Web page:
Assaults in Cologne & Backlash



Gender & Sexuality Race & Ethnicity

The view of migrants and refugees as criminals gained traction in Germany after a large number of complaints of robbery and sexual assault were reported from the central train station during Cologne’s 2015/2016 New Year’s celebration.

On January 1st 2016, police confirmed receiving 1,200 complaints all stemming from the area immediately surrounding the Cologne central train station. Nearly 500 of the claims were of sexual assault, with victims surrounded and attacked by groups of men. While the crowded conditions of the night prevented clear identification of the attackers, there was a consensus that the men were of North African or Arab descent and speculated to be migrants or asylum seekers. Facing public pressure, parliament soon passed a “no means no” law that broadened the definition of sexual assault, lessened the burden of proof to file a claim, and imposed stricter punishments for offenders.

Though heralded as a step forward in combating sexual violence, many criticized the context in which the law was passed. The debate that came after the Cologne New Years Eve attacks followed the common narrative of scapegoating the “other” for the ills of society. The new law was already on the pipeline for a vote, however the attacks in Cologne expedited its passage and prompted officials to include strict deportation requirements for asylum seekers convicted of sexual assault. In numerous media outlets the assaults were framed as “hordes of migrant men raping German women.” Utilizing thinly veiled xenophobic rhetoric, right-wing groups touted the assaults at Cologne as an example of the social decay imminent if Germany continued along Merkel’s immigration policy.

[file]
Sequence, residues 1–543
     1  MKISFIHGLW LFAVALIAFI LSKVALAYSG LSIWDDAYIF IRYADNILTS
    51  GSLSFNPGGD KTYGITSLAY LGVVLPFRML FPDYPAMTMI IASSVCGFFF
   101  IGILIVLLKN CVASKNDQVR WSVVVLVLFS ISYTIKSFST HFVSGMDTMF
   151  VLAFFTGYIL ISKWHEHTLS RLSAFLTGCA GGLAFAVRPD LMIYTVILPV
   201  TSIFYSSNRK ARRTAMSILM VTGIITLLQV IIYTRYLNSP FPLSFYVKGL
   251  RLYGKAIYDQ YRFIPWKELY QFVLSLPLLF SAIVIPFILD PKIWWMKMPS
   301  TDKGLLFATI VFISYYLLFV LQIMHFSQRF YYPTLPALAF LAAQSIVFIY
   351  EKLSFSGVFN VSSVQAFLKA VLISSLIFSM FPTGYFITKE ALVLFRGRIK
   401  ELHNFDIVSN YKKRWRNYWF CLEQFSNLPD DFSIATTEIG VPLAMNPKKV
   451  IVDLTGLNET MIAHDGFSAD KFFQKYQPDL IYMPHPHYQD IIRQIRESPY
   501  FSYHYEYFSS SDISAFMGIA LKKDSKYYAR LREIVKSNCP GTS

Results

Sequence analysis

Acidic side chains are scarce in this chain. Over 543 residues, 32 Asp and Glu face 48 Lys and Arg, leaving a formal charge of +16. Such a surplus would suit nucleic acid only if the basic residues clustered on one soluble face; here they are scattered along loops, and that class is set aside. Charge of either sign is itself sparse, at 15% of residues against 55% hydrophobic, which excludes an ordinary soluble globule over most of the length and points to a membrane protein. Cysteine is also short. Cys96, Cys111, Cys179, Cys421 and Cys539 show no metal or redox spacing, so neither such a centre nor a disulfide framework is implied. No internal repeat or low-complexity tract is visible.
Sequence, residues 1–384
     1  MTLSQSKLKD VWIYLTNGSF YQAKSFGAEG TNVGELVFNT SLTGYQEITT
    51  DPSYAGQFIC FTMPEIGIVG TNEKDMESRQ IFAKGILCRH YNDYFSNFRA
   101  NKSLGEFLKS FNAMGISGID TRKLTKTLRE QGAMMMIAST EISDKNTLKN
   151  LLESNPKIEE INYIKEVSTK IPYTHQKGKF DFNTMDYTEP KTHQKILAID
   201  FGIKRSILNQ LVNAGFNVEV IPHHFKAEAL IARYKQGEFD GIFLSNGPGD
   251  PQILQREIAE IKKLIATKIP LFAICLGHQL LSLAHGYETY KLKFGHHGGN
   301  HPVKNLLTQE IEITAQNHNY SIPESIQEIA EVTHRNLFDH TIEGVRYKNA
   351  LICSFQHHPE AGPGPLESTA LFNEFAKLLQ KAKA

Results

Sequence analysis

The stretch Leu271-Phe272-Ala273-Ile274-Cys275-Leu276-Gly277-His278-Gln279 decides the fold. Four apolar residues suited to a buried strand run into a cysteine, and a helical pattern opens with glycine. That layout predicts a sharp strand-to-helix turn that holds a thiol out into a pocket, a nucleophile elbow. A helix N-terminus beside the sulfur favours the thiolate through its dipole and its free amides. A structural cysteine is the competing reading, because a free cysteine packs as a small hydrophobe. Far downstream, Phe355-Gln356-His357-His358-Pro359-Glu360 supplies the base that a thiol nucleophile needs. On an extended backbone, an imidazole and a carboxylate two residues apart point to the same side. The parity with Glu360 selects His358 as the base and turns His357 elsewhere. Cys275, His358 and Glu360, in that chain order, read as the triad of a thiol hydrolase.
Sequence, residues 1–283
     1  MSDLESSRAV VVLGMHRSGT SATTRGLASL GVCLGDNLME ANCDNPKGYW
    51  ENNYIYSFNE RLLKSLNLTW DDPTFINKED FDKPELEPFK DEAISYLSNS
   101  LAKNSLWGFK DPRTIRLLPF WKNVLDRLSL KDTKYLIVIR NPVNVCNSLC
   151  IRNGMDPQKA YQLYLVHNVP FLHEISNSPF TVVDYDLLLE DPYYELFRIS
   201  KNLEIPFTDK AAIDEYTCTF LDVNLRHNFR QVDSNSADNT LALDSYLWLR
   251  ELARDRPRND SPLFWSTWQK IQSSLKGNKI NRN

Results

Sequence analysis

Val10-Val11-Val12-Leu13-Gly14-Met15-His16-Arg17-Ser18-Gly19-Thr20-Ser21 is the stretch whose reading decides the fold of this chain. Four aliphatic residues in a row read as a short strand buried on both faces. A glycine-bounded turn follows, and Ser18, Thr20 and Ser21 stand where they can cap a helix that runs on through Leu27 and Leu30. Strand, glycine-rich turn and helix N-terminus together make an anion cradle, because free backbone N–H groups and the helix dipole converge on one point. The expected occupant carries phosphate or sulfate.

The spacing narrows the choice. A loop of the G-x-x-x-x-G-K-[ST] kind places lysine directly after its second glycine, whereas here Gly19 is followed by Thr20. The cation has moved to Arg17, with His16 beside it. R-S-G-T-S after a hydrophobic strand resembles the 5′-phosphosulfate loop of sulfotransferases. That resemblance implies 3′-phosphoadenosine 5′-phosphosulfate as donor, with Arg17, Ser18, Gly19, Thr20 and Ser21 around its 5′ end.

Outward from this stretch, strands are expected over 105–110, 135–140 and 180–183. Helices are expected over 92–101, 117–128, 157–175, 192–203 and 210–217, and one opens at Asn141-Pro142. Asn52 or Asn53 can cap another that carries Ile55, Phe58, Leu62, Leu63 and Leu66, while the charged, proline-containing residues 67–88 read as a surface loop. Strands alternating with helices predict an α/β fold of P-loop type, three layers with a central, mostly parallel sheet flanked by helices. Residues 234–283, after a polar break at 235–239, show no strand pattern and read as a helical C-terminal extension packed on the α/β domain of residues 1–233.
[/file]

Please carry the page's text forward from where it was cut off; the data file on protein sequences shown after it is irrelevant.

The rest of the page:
Feminist groups campaigned against the co-opting of violence against women as a political tool to further anti-immigration platforms using the hashtag #ausnahmslos (no excuses). They were quick to point out that sexual violence was not a phenomenon imported by migrants, but rather a pervasive problem in German society, evidenced by the 58% of women who have experienced sexual harassment according to a 2006 study by the German Federal Ministry for Family Affairs, Senior Citizens, Women and Youth.

Nonetheless, the Cologne assaults caused a backlash against Germany’s approach to immigration. A few days after the assaults, a group of migrant men were beaten near the Cologne train station and hospitalized with severe injuries. In a neighboring town, an asylum shelter was arsoned. In the following New Year’s celebration, racial profiling was used by police to search and detain hundreds of men of color.